First, the European Union decided that Microsoft was unfairly monopolizing the browser market by bundling Internet Explorer in software packages. As a result E.U. users are now offered a ballot that allow them to select alternatives. And it's working: IE is losing chunks of marketshare.
About 200 million Windows users of all flavors, old and new, are being served up with Microsoft's ballot window (shown above), which is a roadblock-style pop-up forcing them to choose which browser they'd like to use on their PC. For many Windows users, this is an irrelevance: PC-savvy people are well aware of IE's serious shortcomings in terms of security and compliance with open Web-code standards and will have opted for one of the big competitors: Firefox, Apple Safari for PC and the new pretender Google Chrome. But there are significant numbers of Windows users who'll have never stopped to think about the matter—because IE has always just been there, and it's a familiar and "safe" bit of software. They may never have realized that there's another way to browse the Net.
Hence the E.U. case. MS bundles IE as an integrated part of the Windows experience and presents it as the de facto browser—warts and all. With so many millions of Windows users, this resulted in what the E.U. decided was monopolistic behavior. MS's solution was a neat work-around before the matter came to a head (perhaps with punitive fines): Present all E.U. netizens with a choice of browser, in a pop-up window that randomly shuffles the browsers so that no one is particularly favored.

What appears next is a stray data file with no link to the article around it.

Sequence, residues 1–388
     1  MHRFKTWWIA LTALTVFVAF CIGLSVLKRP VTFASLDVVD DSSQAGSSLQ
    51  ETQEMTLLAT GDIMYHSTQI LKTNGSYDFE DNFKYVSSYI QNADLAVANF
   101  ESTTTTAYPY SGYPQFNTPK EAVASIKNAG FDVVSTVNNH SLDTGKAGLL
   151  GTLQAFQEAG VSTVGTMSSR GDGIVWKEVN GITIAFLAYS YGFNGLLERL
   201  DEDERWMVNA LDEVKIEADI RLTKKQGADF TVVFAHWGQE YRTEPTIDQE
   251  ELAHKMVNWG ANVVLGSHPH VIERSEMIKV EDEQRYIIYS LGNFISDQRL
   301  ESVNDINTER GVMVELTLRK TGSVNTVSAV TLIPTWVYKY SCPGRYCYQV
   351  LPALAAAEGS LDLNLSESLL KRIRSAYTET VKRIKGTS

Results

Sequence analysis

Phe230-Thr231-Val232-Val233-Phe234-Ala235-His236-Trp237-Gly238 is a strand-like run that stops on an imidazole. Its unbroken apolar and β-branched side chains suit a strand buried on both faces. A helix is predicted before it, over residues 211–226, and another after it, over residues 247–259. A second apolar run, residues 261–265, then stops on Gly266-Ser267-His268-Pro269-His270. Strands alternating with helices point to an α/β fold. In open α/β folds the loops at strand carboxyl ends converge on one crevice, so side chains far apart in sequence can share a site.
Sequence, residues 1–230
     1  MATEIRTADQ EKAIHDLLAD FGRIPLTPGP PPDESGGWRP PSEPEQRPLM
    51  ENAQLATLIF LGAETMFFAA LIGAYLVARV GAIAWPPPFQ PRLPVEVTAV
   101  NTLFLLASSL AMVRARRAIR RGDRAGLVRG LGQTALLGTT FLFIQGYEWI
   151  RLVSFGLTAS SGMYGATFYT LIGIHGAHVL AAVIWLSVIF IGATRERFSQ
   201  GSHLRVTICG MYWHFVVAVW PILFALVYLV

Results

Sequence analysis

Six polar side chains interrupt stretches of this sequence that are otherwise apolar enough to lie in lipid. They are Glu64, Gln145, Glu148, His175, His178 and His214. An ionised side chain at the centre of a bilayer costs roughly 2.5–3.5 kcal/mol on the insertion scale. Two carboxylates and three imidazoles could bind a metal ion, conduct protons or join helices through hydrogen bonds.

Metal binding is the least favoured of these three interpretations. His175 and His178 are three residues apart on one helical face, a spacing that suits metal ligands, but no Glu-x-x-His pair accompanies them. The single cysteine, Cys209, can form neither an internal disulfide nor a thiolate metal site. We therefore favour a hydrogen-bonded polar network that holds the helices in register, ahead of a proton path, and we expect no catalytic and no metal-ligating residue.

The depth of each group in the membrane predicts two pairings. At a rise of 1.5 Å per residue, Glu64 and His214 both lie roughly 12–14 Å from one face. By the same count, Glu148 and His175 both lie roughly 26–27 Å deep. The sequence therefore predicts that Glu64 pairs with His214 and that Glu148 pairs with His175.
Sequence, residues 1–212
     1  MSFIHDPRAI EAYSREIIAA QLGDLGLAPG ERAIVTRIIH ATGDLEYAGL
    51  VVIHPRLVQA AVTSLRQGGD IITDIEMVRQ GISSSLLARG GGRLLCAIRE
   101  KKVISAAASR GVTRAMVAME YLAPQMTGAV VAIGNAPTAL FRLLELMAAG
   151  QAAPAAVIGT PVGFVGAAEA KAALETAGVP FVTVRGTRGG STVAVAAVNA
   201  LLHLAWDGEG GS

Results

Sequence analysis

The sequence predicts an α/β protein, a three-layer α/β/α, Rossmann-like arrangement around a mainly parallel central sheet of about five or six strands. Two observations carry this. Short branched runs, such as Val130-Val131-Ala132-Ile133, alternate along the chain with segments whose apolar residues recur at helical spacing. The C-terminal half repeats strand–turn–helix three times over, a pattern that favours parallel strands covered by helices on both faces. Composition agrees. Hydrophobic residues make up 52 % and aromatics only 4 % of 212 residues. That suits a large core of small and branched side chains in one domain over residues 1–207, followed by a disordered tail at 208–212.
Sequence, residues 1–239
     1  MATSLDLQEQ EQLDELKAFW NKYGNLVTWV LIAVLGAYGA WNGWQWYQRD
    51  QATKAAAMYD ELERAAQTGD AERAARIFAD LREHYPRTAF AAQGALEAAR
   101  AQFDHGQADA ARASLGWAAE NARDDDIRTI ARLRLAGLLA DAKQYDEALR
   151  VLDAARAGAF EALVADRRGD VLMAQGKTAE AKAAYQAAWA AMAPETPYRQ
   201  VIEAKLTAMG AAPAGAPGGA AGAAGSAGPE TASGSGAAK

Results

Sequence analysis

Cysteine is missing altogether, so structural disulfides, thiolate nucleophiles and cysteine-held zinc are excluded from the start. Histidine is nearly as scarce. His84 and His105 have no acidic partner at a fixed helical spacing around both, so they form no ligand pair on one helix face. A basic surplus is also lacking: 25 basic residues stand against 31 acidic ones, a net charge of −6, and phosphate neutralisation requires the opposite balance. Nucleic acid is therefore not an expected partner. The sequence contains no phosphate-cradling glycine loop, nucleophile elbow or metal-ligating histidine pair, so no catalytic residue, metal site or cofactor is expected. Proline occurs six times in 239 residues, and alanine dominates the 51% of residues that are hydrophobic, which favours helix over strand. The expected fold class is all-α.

According to analytics firm Statcounter, it seems the ballot has now resulted in a slip in IE's browser marketshare, implying that the average Windows user is more Net-savvy than one may have expected. Many are opting out of the MS product. On the other hand, Mozilla's Firefox, Google's Chrome, and even Apple's Safari are all much more "branded" products than IE. Microsoft has never had to promote IE to the public—it just served it up to them whether they wanted it or not, whereas all of the others have had to engage in PR to get their names known.
IE's marketshare slip is small for now—just 1% in the U.K., 1.3% in Italy, and 2.5% in France. But that slip is likely to get bigger as more users face the ballot pop-up and as word of mouth and press attention is brought to bear on the issue.
Many a Net programmer will be rejoicing at this news too, thanks to IE's terrible record in security matters and its non-compliance with Web standards—even the upcoming IE9's compliance with the new (potentially Flash-killing) HTML5 standard is slightly questionable. And this may even allow us to ask the big question: Is this news the beginning of the end of IE's automatic dominance in the browser wars?
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